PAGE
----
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HomeArticle170 years after pandemic, Pittsburgh Catholics continue Cholera Mass tradition

170 years after pandemic, Pittsburgh Catholics continue Cholera Mass tradition

170 years after pandemic, Pittsburgh Catholics continue Cholera Mass tradition

For more than 170 years, Catholics in Pittsburgh have observed a day of thanksgiving for their parish’s deliverance from a Cholera pandemic that killed hundreds of local people in the mid-1800s.

The annual Cholera Day Mass is held each year in August, fulfilling a promise from a prior generation of parishioners.

When Cholera hit Pennsylvania in the summer of 1849, more than 1,000 people in Pittsburgh alone died from the disease. Saint Michael’s Catholic Parish was hit hard – the parish was nearly wiped out by the epidemic.

An Italian priest at the parish then invoked the Blessed Mother and St. Roch, a 14th-century saint who dedicated his life to the care of diseased people in Italy. The priest asked for their intercession for the parish’s safety and promised to observe a day of gratitude each year in remembrance.

When another Cholera outbreak hit the city in 1853, not a single person from Saint Michael’s parish got sick or died. That year, the first bishop of Pittsburgh, Bishop Michael O’Connor, formally authorized the celebration. Pope Leo XIII later sent a relic of St. Roch in recognition of the holy day.

“The people at St. Michael’s Parish, they prayed to Saint Roch because he had saved people from a similar place [in the past],” said Donna Gillespie, office manager for the South Side/Mt. Washington Parish Community.

“So they prayed to him and they vowed … that they would keep holy a day,” she continued. “They have for the last 171 years.”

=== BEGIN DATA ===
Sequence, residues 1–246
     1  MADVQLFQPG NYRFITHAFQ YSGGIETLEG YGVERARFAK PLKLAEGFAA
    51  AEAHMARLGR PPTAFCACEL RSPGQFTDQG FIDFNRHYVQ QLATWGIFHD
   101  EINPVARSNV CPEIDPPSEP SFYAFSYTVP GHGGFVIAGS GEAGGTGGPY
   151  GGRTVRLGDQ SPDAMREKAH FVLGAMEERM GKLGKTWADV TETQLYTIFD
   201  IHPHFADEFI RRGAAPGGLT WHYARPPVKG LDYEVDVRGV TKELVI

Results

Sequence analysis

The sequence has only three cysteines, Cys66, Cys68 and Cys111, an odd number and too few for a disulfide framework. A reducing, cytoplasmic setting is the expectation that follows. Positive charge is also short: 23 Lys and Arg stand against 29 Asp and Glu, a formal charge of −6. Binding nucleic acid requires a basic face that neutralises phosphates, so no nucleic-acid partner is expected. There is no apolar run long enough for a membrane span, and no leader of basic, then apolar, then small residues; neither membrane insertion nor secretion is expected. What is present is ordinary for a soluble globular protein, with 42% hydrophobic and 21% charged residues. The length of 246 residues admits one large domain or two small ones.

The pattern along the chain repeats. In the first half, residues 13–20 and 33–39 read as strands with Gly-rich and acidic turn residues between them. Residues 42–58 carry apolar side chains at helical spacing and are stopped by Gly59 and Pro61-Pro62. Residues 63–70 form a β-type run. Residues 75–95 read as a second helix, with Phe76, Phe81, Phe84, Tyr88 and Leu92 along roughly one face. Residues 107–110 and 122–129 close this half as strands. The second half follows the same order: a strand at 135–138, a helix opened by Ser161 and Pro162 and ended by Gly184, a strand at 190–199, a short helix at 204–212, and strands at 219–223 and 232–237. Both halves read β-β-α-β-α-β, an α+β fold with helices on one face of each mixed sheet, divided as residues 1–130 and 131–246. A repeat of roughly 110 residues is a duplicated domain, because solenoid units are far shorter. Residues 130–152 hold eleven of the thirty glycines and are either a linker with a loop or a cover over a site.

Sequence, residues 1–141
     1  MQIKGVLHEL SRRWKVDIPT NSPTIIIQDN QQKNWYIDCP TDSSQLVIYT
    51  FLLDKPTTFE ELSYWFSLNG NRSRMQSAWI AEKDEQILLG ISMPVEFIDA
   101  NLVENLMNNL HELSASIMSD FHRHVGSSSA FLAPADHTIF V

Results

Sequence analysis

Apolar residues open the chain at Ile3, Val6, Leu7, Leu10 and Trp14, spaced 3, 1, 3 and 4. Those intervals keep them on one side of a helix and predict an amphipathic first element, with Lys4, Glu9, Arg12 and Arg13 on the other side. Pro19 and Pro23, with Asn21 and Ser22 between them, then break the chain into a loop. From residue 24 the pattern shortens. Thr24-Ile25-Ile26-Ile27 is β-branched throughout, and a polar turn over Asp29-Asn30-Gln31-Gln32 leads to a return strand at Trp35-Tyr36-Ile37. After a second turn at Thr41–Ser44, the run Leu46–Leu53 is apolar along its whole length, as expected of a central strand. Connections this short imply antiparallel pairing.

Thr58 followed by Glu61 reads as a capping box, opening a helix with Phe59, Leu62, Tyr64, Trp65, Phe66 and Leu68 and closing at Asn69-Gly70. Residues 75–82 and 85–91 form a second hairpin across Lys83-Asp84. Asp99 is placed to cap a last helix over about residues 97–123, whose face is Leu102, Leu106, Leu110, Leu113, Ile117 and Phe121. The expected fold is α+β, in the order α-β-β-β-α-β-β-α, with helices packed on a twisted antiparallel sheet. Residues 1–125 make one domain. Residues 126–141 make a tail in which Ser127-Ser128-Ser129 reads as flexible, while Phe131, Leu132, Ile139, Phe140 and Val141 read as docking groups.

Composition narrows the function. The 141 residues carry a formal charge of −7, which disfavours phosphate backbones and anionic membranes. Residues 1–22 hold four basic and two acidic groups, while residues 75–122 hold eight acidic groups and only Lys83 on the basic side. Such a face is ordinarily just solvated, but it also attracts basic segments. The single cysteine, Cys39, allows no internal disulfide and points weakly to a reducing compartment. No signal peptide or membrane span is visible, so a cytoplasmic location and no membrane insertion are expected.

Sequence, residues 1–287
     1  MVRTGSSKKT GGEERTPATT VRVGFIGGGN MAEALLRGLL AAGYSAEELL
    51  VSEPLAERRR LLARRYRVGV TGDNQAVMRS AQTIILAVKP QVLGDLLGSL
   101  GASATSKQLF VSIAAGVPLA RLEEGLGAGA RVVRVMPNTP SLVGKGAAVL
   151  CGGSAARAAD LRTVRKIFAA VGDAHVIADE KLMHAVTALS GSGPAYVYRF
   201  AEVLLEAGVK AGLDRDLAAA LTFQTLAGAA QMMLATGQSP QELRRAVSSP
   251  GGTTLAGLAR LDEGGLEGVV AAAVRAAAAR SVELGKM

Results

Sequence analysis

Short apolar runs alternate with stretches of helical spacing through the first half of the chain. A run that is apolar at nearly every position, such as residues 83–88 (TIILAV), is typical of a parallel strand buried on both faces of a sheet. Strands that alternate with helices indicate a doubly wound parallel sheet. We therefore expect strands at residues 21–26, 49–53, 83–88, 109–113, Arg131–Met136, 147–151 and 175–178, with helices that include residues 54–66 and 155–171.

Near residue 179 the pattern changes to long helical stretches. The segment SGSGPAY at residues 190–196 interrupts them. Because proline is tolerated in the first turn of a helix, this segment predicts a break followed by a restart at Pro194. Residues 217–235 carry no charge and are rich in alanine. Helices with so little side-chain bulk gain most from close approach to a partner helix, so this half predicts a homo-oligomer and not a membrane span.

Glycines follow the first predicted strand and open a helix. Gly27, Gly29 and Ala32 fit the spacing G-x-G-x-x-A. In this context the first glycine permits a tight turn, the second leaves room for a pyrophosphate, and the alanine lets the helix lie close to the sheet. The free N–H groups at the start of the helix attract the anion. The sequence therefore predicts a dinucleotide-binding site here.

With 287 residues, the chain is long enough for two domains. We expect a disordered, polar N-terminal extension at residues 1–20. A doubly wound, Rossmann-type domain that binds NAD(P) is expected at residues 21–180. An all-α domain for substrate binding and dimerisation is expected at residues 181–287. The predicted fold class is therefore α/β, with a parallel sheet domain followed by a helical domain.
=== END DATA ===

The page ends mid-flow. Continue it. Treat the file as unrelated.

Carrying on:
The celebratory anniversary is today held by South Side/Mt. Washington Parish Community – a collection of consolidated parishes in Pittsburgh including Prince of Peace and St. Mary of the Mount.

Each year, the parish holds three Masses, each with a different focus. One Mass is dedicated to St. Roch, another is in remembrance of the victims of the Cholera pandemic, and the last one is in honor of the Blessed Mother, since the Masses are usually held within the octave of the Assumption.

This year, the occasion took on an additional special intention – healing and deliverance from the coronavirus pandemic. So far this year, Allegheny County has had over 9,500 cases of coronavirus and 291 deaths, according to the New York Times.

“This year was special because we tied it in with the pandemic. Our petitions were mentioned [for the] past and future people that die,” said Joseph Drzazynski, one of the organizers behind the event.

“We had a novena this year, nine days to St. Roch, and it was a prayer that we said for the people that died by themselves. We were trying to bring it into what’s going on today – praying for the [COVID-19 victims], the nurses, and the doctors,” he told CNA.

The Masses this year were held on August 15 and 16. Around 80 people attended the Mass in-person on Sunday, which was also streamed online. Attendees practiced social distancing and wore masks.

The occasion normally includes a celebration and dinner, but due to the current pandemic, the parish instead offered a Zoom meeting explaining the history of the holy day.

Personal devotion among the families in the parish has also continued. One local family saw their child cured after praying to St. Roch decades ago.

“The mother had an infant son who was very sick and she prayed to Saint Roch and promised him, if he would spare her son, then she would also keep holy a day to honor Saint Roch,” said Gillespie.

“The family has been doing that for the last 83 years, and the gentleman lived to be in his nineties before he died this year.”

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